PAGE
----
The market's chilly reception of Netflix
It's not that Schindler woke up to the company's improving fundamentals. His price target of $72 isn't budging. When the stock was trading higher than that earlier this summer, he was rightfully bearish. Now that the stock has fallen considerably short of that mark after last month's disappointing quarterly report, the path to $72 is higher rather than lower.
Schindler is still encouraged by the company's strengthening domestic streaming business. DVD-based customers are bailing on the company, but the streaming service is as popular as ever.
All but 2.5 million of Netflix's 30.1 million subscribers are streaming these days. For the first time ever, more than two-thirds of Netflix's customers are exclusively streaming.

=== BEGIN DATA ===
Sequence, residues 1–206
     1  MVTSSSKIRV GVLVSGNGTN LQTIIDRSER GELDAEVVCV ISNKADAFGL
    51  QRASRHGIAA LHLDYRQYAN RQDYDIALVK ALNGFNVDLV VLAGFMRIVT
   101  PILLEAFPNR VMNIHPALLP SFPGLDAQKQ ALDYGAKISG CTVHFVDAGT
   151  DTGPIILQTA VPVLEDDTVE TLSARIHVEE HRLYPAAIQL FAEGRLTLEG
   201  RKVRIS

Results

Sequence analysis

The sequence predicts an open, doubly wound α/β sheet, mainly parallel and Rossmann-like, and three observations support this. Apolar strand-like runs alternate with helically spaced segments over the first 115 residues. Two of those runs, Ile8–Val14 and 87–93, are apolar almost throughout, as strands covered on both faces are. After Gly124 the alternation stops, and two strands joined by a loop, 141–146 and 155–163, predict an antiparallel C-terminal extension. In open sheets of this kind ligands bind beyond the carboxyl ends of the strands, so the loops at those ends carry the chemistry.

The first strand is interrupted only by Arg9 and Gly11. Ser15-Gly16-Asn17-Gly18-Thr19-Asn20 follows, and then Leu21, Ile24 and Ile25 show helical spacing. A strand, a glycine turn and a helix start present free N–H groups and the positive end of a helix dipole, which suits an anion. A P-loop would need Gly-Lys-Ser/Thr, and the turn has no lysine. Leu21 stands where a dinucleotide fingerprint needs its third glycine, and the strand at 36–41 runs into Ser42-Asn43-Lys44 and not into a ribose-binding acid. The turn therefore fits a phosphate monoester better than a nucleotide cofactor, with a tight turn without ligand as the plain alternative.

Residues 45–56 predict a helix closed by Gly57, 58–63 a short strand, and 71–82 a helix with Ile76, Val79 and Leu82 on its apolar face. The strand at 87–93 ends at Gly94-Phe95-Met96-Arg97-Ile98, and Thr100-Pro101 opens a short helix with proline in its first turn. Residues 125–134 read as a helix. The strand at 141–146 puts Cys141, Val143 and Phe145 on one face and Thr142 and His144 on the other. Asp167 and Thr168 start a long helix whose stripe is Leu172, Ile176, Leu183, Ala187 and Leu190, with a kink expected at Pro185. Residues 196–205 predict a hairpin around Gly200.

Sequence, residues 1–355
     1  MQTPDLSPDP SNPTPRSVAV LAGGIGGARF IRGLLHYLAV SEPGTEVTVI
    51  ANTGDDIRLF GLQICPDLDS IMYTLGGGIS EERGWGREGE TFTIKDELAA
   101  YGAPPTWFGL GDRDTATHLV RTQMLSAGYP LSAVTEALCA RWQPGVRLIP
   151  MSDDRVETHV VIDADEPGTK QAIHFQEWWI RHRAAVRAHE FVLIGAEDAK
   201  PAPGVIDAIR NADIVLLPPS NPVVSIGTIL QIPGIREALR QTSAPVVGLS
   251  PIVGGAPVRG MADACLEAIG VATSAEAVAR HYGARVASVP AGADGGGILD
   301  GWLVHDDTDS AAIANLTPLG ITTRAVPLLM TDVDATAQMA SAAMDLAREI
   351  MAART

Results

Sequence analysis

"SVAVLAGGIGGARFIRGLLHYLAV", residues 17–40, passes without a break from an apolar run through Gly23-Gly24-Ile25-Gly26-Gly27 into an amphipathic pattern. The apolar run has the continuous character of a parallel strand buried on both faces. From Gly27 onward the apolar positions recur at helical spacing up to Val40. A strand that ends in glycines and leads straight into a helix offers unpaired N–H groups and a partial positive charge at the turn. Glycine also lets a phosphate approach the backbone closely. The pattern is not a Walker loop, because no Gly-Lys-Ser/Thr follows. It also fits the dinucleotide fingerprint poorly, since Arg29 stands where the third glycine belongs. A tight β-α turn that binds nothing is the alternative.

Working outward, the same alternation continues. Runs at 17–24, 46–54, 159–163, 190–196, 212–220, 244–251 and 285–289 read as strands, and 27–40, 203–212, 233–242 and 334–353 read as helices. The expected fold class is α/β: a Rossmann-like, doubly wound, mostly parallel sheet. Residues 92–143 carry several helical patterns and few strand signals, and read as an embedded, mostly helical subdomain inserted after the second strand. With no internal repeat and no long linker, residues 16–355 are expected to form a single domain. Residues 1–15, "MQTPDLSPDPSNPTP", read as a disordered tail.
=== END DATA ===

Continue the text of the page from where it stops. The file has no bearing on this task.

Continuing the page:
Was there more growth to be milked out of optical discs? Sure. Coinstar's
Right now, Netflix has more domestic subscribers than any single cable- or satellite-TV provider. The gap is growing. Even market darling DirecTV
Consumers are changing the way they interact with their TVs and how much they're willing to pay for video entertainment. Netflix is leading the way on that front. This may not be as lucrative a business as it once had -- for now -- but the company would rather be early than late to the undeniable trend toward digital video on demand.
It was easy to hate on Netflix last summer, when the stock was overvalued and the company misunderstood the consumer. The tide is turning, and it may have been consumers all along who misunderstood where the future of TV was heading.
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Longtime Fool contributor Rick Munarriz has been a Netflix subscriber and shareholder since 2002. He owns no shares of any of the other stocks in this story and is also part of the Rule Breakers newsletter research team, seeking out tomorrow's ultimate growth stocks a day early. The Motley Fool has a disclosure policy.